Tested – Snow Tires Increase Energy Consumption By 7% On Tesla Model S

MAR 20 2018 BY MARK KANE 8

One of the biggest factors that influences vehicle efficiency is tires – the difference between summer and winter tires could be several percent or more.

Tesla Model S

Tesla Model S

Teslavangelist recently tested its Tesla Model S with snow and summer tires on the same route and under similar circumstances (temperature, almost no interior heating, etc.).

The results were:

  • winter tires: 357 Wh/mi (222 Wh/km)
  • summer tires: 334 Wh/mi (208 Wh/km)

In other words, in the spring, range on the summer tires will increase by roughly 7%. That’s a significant difference.

“As spring arrives in MI, I test my snow tires (Blizzaks) and stock Model S tires (Michelin) to determine the difference in energy use. Because it was about 50° F, the snow tires probably were a little soft, so the difference may be less when it’s colder (and the snow tires rubber is more firm).”

Read Also – Watch Porsche Mission E Glide On Snow

Higher range in the transitional period will start to fade again as with the arrival of summer typically brings with it the need to use A/C.

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8 Comments on "Tested – Snow Tires Increase Energy Consumption By 7% On Tesla Model S"

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This totally depends on what tires they used.

For low rolling resistance winter tires, they need to use Nokian Hakka R2, or Michelin X-Ice. The former (and maybe the latter, too) could well have lower consumption than the summer Michelin tires.

Just some anecdotal info. My Volt would get 48-50 miles in the summer months with stock tires. Replaced them with non-low rolling resistance tires (as Costco was out and I had a flat they couldn’t repair) and expected a slight drop but damn, I get 40-42 miles at best now!

Kind of crazy it can make that big of a difference.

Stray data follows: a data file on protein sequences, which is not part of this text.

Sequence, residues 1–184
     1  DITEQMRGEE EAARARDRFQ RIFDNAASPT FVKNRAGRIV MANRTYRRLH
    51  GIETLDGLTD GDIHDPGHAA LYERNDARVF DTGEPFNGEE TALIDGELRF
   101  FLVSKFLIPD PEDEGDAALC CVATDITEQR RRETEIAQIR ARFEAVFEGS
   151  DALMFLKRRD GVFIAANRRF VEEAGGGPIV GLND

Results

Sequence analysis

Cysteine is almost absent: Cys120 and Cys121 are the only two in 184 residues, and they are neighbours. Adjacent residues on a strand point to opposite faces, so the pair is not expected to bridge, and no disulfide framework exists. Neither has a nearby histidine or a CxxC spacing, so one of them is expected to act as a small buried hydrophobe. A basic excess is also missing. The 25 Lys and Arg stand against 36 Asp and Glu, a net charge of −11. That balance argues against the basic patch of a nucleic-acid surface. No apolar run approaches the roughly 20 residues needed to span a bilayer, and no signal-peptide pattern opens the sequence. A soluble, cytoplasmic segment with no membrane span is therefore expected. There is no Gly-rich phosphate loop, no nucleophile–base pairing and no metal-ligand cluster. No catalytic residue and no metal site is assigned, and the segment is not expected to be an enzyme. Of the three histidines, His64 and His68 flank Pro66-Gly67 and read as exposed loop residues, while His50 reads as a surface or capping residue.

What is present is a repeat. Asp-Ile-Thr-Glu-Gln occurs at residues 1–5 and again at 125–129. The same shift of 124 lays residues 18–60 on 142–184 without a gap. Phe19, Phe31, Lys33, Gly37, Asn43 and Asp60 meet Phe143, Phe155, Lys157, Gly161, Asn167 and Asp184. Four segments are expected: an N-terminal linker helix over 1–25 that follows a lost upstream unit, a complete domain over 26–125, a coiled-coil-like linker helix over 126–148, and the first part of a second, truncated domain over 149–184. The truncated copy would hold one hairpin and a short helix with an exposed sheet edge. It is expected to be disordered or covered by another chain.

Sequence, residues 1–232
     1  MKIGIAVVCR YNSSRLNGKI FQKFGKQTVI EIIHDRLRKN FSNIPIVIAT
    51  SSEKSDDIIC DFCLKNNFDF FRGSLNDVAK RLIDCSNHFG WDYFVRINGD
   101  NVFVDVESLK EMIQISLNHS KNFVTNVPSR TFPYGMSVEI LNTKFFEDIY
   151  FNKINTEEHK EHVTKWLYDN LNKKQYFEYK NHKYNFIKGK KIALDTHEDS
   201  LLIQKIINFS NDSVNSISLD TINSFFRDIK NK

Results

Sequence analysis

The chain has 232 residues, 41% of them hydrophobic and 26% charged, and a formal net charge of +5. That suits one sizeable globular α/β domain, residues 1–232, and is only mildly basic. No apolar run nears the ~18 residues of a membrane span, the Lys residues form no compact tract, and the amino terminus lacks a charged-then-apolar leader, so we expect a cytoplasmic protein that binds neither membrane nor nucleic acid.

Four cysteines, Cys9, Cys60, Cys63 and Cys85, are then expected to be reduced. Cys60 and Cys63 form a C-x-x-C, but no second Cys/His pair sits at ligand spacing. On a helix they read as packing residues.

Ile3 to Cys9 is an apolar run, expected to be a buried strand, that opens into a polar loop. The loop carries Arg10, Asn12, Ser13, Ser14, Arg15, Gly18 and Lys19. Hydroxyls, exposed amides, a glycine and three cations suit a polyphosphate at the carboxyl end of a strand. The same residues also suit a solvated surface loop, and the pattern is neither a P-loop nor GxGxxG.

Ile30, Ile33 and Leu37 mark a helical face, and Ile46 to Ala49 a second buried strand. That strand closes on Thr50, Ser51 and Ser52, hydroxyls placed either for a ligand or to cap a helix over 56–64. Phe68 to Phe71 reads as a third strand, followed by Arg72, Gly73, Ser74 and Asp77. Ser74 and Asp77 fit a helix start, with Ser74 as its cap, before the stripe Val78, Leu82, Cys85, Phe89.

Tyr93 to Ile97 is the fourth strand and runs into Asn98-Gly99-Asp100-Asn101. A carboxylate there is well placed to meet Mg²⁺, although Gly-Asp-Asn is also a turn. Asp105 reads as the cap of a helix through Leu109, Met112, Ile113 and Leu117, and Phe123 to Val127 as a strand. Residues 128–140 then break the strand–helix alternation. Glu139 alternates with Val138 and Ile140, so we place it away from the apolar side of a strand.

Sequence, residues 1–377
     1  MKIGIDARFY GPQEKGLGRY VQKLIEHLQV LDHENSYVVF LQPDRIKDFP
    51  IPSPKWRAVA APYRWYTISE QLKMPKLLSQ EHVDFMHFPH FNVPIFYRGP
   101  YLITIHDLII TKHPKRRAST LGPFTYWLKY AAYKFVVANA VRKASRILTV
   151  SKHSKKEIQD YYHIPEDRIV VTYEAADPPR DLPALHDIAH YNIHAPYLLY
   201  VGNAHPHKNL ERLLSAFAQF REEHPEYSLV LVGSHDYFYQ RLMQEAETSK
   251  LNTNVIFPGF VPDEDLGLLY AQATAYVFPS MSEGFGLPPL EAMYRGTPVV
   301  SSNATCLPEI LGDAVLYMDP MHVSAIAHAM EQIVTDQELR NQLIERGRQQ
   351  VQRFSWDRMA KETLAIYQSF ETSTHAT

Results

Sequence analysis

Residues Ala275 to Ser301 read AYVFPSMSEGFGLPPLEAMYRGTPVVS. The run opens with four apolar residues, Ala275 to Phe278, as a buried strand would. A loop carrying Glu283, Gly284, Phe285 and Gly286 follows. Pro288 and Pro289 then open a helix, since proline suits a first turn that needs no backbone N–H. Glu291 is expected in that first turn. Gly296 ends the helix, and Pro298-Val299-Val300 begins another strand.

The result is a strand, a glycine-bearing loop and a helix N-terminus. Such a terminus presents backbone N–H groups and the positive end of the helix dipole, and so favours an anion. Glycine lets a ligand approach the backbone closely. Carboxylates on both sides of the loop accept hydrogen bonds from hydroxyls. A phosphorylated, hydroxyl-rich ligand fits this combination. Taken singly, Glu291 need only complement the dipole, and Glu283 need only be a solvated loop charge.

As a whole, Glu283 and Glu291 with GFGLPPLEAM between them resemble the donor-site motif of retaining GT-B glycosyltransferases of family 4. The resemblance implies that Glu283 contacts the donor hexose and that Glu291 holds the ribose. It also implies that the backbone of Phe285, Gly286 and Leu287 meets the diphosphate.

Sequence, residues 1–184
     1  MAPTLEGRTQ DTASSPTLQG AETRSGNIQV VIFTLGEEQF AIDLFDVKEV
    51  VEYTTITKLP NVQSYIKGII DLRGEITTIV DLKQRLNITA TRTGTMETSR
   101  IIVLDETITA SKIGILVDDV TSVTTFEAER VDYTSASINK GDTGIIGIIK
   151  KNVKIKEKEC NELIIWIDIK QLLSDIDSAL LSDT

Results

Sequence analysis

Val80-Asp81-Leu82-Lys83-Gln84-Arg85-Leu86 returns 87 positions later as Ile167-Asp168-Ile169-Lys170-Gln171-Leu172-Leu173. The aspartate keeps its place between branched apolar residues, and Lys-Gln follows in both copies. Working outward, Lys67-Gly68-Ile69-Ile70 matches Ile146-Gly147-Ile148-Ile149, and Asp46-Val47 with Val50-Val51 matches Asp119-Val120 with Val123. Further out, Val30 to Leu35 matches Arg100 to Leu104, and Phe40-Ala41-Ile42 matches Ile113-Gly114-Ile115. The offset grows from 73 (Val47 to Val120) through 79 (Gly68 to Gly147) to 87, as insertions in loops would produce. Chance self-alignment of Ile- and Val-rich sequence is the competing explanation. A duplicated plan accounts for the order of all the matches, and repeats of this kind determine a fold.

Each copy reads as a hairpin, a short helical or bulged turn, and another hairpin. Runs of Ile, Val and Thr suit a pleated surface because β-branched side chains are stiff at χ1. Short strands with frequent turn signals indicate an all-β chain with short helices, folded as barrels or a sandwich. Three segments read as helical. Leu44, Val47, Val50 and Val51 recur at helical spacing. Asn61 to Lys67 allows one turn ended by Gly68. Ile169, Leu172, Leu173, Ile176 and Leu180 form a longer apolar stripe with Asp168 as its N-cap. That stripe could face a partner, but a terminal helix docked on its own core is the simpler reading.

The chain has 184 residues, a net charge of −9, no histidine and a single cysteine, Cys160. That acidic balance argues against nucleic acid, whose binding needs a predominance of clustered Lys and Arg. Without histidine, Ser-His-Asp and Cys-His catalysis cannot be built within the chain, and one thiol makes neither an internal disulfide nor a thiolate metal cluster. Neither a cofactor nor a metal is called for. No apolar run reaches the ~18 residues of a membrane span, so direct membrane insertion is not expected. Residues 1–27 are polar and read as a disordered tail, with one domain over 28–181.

I had the same thing happen to me with my Volt.

7% is lower than I expected. Tires (and inflation of tires) make a HUGE difference. I used to just figure I’d put all season radials on and go with it all year. I have now been converted to dedicated snow tires. What a gigantic grip difference. And not all snow tires are created equal of course. And also the grippier summer performance tires also wear out quickly and bring down mileage. So my plan here on out is low rolling resistance tires in summer and dedicated winter snow tires in winter. Rather than keep paying for mounting/balancing though I’m just going to buy a second set of OEM rims an swap out winter/summer. Cheaper in the long run. Oh and here’s a handy Car and Driver winter tire test I keep for reference.


Welcome to the developed world, you have just achieved basic enlightenment. 🙂

Blizzaks are rated the #1 snow tire for a reason – they are very grippy. So 7% might be the worse case scenario for snow tires.

I put Michelin X-Ice on my Volt. I can’t tell if efficiency dropped and they are quieter and a better ride than the factory tires

Not that surprising. If you want more traction under the same weight, you gotta increase friction…

What’s more interesting IMO is the big effect wheel diameter has: Moving from 20″ to 22″ wheels on a Tesla Model X reduces mileage by 22%-23%, which is pretty significant…